15th Slovenian Competition in Logic
2000
1st and 2nd Year of Secondary School
1. Odds’ and Evens’ Island
Somewhere there is a small island where people of two kinds live, the Odds and the Evens. When the inhabitants of the island talk, the following rule applies: if a person says a sentence to another person, then the sentence is true if and only if the persons are of the same kind.
In the task there are inhabitants A, B, C, D and E. Precisely one of them had a gold coin. They were talking:
A to B: “D is an Odd if and only if C has the gold coin.”
B to C: “I am an Even or D is an Even.”
C to D: “A or B has the gold coin.”
D to E: “If C is an Odd, then I have the gold coin.”
E to A: “B is an Odd.”
Then B said to A either “C is an Odd or D is an Odd” or “C is an Odd and D is an Odd” or “C is an Odd” or “D is an Odd.”
The logician, who had heard what B had said, then deduced what the natives were and who had the gold coin.
What did B say to A? What are the inhabitants of the island and who had the gold coin?
2. Talking
a) Alternatives’ Island
On this island every inhabitant alternatively states the truth and the untruth (or vice versa). Inhabitants A, B and C have said:
A: “If there are gold and silver on the island, then there is platinum too.”
A: “If there is gold or silver on the island, then there is platinum too.”
B: “If there is gold on the island, then there is silver too.”
B: “There is gold or silver on the island.”
C: “There is gold on the island if and only if there is silver.”
C: “There is gold on the island or there is no platinum.”
Which metals are there on the island?
b) Lefties and Righties
Somewhere there is a small island where people of two kinds live, the Lefties and the Righties. When the inhabitants of the island communicate, the following rule applies: if a person says a sentence to another person, then the sentence is true if and only if the persons are of the same kind.
Inhabitants A, B and C once talked like this:
A to B: “None of us is a Lefty, but there is gold on the island.”
B to C: “Precisely one of us is a Lefty if and only if there is gold on the island.”
C to A: “At least two of us are Lefties or there is gold on the island.”
What are the natives? Is there gold on the island?
c) Knights, Knaves and Normals
We have three persons, A, B and C. One of them is a Knight, who always tells the truth, another one is a Knave, who always lies. The Normal may or may not tell the truth.
They once said:
A: “B is a Knave or C is a Knight.”
B: “I am not a Normal if and only if C is a Knight.”
What are persons A, B and C?
3. Six Mathematical Periodicals
Six mathematicians (Ara, Handelman, Berberian, von Neumann, Hafner, Roos) published their results about the construction of a regular ring in six mathematical periodicals (these periodicals’ abbreviations are: Ann. of Math., J. Algebra, Michigan Math. J., Trans. American math., C. R. Acad. Sci. Pari., Arch. der Math.) in different years (1939, 1967, 1972, 1974, 1978, 1984). Find out in which periodical a particular mathematician published his results and when they were published if you know:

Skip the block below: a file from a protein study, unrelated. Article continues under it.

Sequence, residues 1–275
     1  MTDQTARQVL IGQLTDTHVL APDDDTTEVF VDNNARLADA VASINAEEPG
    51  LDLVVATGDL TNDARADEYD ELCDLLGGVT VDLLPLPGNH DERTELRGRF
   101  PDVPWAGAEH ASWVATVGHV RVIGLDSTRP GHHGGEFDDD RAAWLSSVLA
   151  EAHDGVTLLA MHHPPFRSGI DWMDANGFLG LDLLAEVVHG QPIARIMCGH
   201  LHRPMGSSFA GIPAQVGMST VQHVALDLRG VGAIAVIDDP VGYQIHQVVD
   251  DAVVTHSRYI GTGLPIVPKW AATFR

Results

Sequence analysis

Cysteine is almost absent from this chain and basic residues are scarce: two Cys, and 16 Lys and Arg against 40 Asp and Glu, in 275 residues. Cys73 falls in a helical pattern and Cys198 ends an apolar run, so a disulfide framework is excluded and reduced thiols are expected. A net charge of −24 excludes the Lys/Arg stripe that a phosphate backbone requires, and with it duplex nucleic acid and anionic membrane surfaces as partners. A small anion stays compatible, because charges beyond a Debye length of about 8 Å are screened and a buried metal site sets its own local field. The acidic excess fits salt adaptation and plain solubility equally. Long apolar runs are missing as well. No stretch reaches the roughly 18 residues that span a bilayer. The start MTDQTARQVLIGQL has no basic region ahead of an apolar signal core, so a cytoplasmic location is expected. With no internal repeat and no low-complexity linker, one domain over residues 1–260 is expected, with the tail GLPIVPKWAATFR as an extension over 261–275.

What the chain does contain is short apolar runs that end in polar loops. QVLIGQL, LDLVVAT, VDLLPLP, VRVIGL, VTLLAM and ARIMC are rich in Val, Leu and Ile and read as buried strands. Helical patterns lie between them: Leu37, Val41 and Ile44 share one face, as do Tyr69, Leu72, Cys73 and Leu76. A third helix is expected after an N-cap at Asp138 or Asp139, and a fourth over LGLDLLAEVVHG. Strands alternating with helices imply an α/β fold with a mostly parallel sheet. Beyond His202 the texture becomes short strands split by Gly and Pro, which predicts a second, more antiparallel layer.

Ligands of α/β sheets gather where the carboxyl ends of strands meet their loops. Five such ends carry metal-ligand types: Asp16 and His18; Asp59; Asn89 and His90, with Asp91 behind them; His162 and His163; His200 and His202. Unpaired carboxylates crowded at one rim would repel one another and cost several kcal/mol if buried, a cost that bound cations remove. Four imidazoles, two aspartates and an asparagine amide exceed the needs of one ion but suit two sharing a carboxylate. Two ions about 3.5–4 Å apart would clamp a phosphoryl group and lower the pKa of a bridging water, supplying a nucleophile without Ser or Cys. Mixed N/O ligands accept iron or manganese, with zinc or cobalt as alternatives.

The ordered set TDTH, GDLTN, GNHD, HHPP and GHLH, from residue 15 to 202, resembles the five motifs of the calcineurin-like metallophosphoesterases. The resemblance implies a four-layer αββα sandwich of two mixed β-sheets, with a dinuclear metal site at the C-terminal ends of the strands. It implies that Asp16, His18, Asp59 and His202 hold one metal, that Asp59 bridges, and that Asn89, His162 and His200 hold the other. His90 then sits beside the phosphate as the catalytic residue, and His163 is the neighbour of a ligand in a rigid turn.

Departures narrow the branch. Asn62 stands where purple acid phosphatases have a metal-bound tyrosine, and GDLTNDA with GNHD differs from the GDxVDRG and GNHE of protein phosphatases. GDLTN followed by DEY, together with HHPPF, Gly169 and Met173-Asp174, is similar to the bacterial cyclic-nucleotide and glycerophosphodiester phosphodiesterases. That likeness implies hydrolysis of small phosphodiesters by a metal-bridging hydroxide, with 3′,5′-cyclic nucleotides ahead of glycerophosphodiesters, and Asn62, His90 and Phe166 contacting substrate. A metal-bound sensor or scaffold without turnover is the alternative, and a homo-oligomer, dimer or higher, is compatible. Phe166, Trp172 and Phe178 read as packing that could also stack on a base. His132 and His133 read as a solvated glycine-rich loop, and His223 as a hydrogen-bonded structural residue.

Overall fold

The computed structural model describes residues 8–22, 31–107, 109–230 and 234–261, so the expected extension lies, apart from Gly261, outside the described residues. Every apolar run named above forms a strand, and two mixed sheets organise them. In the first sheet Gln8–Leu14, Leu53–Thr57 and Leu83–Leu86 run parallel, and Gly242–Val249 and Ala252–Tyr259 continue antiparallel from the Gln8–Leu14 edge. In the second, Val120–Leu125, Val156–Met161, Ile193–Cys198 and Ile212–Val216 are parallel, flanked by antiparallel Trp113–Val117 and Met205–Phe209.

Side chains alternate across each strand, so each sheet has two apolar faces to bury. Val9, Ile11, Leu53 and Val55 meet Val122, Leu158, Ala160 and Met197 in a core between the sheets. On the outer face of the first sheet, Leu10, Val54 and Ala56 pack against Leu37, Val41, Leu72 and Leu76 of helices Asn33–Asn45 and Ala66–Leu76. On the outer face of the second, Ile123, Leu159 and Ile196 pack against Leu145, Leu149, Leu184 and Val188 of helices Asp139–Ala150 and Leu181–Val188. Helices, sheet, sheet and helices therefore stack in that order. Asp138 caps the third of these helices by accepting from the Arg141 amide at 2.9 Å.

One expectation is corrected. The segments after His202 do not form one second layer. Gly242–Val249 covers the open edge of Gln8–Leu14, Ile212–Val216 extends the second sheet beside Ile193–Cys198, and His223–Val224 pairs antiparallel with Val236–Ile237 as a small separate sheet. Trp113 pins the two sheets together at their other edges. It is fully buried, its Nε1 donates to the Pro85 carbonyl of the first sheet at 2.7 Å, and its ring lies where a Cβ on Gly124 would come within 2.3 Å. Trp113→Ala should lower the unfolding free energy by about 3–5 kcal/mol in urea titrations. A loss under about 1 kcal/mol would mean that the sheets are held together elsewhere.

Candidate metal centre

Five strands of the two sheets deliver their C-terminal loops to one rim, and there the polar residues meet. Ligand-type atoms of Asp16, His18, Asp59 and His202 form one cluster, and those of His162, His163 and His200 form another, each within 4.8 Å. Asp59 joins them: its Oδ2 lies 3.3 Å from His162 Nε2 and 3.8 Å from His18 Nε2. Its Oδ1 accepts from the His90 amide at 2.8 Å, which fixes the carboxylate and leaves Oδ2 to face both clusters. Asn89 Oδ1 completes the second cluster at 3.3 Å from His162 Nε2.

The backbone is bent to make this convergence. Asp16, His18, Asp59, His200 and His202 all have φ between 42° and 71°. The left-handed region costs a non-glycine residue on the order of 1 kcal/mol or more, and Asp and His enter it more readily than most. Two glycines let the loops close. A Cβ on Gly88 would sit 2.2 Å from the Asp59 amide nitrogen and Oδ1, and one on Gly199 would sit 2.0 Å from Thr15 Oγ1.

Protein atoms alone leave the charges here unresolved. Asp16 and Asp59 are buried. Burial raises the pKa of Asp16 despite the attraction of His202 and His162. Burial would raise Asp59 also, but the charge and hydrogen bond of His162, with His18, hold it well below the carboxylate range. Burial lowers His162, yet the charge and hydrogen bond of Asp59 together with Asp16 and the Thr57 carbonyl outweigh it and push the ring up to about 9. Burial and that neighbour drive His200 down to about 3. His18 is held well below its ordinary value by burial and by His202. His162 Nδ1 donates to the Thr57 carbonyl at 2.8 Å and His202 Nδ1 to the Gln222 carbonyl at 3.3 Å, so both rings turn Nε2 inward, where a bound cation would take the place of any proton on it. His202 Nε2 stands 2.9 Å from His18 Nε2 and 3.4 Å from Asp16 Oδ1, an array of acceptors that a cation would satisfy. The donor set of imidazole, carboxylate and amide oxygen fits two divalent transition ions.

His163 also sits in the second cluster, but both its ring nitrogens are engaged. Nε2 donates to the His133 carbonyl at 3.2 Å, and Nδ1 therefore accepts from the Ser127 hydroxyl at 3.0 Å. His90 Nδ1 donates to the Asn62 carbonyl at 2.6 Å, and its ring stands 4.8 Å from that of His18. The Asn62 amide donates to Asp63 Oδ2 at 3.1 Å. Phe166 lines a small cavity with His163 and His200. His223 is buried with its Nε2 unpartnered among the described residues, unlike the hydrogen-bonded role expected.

1. The article of the year 1978 was not published in J. Algebra, C. R. Acad. Sci. Pari. or Arch. der Math.
2. The article in Arch. der Math. was not published by Berberian or Roos and was not written in 1967.
3. Von Neumann did not publish his article in 1972, 1984 or 1967.
4. The article in Michigan Math. J. was not published by Ara, Berberian or Roos.
5. The article of the year 1972 was not published by Ara, Hafner or Roos.
6. It was not Roos who published in J. Algebra, and Handelman published his article in 1978.
7. It was von Neumann who published his essay in Ann. of Math., and it was in 1974 that the essay was published in Michigan Math. J.
Fill in the chart:
Periodical
Author
Year
Ann. of Math.
J. Algebra
Michigan Math. J.
Trans. American math.
C. R. Acad. Sci. Pari.
Arch. der Math.
4. Tarski’s World
We are given two worlds of objects (A and B). The first one has three triangles of various sizes, two small squares and two small pentagons. An object is to the right of another object if the column in which the first object is placed is to the right of the column in which the other object is placed. An object can likewise be placed under (above) another object. Some of the objects are marked with letters.
Put a T in the table beside each of the following sentences if the sentence is true, and a U if it is untrue.
PICTURES
A
B
1.
Every triangle has a large square to its left.
2.
There are at most two pentagons that are to the left of a.
3.
Everything that is large is to the right of every small pentagon.
4.
If and only if there is a large triangle, then there is a small square to the right of a large square.
5.
If there is a large square, then there is also a small square.
6.
If a is a square, then b is a triangle.
7.
If there is a square, then b is a triangle.
8.